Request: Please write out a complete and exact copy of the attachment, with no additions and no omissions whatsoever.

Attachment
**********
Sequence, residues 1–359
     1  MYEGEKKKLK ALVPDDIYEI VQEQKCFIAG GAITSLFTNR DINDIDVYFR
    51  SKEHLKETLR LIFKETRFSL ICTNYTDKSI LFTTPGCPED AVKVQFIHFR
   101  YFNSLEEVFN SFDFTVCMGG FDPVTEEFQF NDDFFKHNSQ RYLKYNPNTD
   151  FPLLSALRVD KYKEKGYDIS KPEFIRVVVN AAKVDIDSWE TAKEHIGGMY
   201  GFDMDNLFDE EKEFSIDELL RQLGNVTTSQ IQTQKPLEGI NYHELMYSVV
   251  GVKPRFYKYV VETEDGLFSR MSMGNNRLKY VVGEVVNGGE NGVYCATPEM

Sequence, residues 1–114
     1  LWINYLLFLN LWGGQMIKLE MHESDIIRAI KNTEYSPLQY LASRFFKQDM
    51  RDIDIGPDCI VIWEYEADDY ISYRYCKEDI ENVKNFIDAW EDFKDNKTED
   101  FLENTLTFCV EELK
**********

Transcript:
Sequence, residues 1–359
     1  MYEGEKKKLK ALVPDDIYEI VQEQKCFIAG GAITSLFTNR DINDIDVYFR
    51  SKEHLKETLR LIFKETRFSL ICTNYTDKSI LFTTPGCPED AVKVQFIHFR
   101  YFNSLEEVFN SFDFTVCMGG FDPVTEEFQF NDDFFKHNSQ RYLKYNPNTD
   151  FPLLSALRVD KYKEKGYDIS KPEFIRVVVN AAKVDIDSWE TAKEHIGGMY
   201  GFDMDNLFDE EKEFSIDELL RQLGNVTTSQ IQTQKPLEGI NYHELMYSVV
   251  GVKPRFYKYV VETEDGLFSR MSMGNNRLKY VVGEVVNGGE NGVYCATPEM

Sequence, residues 1–114
     1  LWINYLLFLN LWGGQMIKLE MHESDIIRAI KNTEYSPLQY LASRFFKQDM
    51  RDIDIGPDCI VIWEYEADDY ISYRYCKEDI ENVKNFIDAW EDFKDNKTED
   101  FLENTLTFCV EELK